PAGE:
Australia New Zealand Cruising
My husband and I just got back from a 12 night cruise from Auckland, New Zealand to Sydney, Australia with a surprise stay in Fiji at the end. I’d like to share some of the highlights from our trip to give you some ideas for your next romantic vacation. (This is even a beautiful destination for a honeymoon. I just helped a couple arrange a similar cruise recently, along with a bit of a land tour prior). Australia New Zealand Cruising is a fabulous, relaxing way to see some of the main sites of both countries. You’ll only have to pack and unpack once, while someone else does the driving.
Auckland, New Zealand – We arrived in Auckland one day early to make sure there were no problems with flight delays. We left the US on Thursday February 12 and interestingly, we lost Friday the 13th completely. Auckland is a beautiful city with lots of great hotels, dining and shopping options; all within walking distance of the cruise port. We had a nice dinner (it was Valentine’s, which the New Zealanders don’t celebrate nearly to the extent we do) on a balcony overlooking the city and went to bed early to recover a bit from our jet lag. The next morning we had time to visit the top of the Sky Tower; an observation tower rising 1,076 feet in the air with 360° views of almost the entire tip of North Island. They even do bungee jumping from the top of this tower. We saw our ship in port and another Princess ship; the Dawn Princess, coming in. After a late breakfast and checking out of our hotel, it was time to board the ship.
The Diamond Princess is one of the larger Grand Class ships of the Princess fleet. It is one of two ships built in Japan and is a bit unusual. In early 2014 it underwent a makeover to add two notable Japanese amenities; a bath house and a sushi restaurant. Not surprisingly, it sails a good part of the year from Japan. We liked the ship. We found the service, food and entertainment to be very good, but we missed our favorite International Café and Vines Wine Bar. It’s the 50th anniversary for Princess Cruises and we definitely enjoyed some of the special themed nights and entertainment celebrating the milestone.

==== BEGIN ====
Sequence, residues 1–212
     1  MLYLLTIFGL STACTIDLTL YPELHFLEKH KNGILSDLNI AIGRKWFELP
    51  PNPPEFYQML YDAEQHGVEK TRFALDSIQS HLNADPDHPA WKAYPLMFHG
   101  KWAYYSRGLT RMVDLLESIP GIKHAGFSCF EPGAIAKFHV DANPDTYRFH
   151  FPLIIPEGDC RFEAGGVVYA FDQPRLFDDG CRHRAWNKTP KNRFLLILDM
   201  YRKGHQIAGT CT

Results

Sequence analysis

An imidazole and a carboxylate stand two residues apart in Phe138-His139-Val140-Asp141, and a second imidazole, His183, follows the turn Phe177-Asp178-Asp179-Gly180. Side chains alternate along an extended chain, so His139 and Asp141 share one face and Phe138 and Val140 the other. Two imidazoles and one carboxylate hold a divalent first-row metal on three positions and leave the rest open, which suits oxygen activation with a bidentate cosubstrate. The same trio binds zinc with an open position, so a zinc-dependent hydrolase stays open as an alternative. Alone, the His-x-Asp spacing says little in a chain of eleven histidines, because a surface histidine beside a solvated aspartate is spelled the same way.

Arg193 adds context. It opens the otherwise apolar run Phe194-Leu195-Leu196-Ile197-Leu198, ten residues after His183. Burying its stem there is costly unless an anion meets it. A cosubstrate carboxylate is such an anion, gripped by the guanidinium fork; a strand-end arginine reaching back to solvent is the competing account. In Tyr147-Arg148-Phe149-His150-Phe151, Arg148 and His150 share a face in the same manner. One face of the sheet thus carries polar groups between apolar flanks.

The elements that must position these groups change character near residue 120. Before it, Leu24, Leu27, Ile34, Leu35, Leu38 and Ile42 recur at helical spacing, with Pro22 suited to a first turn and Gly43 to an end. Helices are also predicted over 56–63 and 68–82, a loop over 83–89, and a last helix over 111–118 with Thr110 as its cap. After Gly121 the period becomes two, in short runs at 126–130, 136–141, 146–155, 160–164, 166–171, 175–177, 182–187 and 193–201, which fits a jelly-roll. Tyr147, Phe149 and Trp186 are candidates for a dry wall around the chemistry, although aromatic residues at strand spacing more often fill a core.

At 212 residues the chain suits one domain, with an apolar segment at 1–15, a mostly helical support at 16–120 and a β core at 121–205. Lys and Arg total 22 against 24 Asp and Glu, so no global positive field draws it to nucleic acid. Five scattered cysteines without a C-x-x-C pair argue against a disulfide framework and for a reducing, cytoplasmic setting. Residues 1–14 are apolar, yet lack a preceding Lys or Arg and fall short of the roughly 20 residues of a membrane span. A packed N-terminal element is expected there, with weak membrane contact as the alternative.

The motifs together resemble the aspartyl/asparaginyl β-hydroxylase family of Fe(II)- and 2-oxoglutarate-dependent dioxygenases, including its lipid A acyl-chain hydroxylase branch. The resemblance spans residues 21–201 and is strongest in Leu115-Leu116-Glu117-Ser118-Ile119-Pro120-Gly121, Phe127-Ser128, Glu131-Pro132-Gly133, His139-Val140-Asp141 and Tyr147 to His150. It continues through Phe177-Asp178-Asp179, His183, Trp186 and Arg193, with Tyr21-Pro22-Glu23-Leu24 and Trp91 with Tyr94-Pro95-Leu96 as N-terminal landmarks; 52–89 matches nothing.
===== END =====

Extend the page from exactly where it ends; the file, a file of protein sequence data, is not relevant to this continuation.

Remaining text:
Our cruise on the Diamond Princess visited the following ports and fiords:
|Ports||Distance inNautical Miles|
|Auckland to Tauranga||137|
|Tauranga to Akaroa (after 1 day at sea)||598|
|Akaroa to Port Chalmers||141|
|Port Chalmers to Dusky & Breaksea Sound||246|
|Breaksea Sound to Doubtful & Thompson Sound||19|
|Doubtful & Thompson Sound to Milford Sound||49|
|Milford Sound to Hobart (after 2 days at sea)||894|
|Hobart to Melbourne (after 1 day at sea)||436|
|Melbourne to Sydney (after 1 day at sea)||546|
We do things a bit unusually when we’re cruising. Although we’ve done many excursions with the cruise lines on our 20+ cruises all over the globe, when we feel confident in our ability to get around, we generally will rent a car for the day when in a port. I don’t recommend this unless you have a very good sense of direction and are willing to take on the responsibility of making sure you’re back on the ship in time or to deal with the consequences if you aren’t, because it will leave without you.
Tauranga is a busy, mid-sized city by New Zealand standards. Driving in New Zealand and Australia is quite challenging, because they drive on the left and there are lots of roundabouts. It takes focus to keep it on the left, especially after a little break. We did fairly well and luckily any lapses we had didn’t cause any issues. Although a thermal valley, cultural Maori performances and kiwi sightings are popular; the highlight for us at this port was a visit to the Hobbiton Movie Set. We saw Bag End where Bilbo Baggins lived, the Party Tree and ended the tour at the Green Dragon Inn, where we enjoyed a pint of special ale made only for Hobbiton.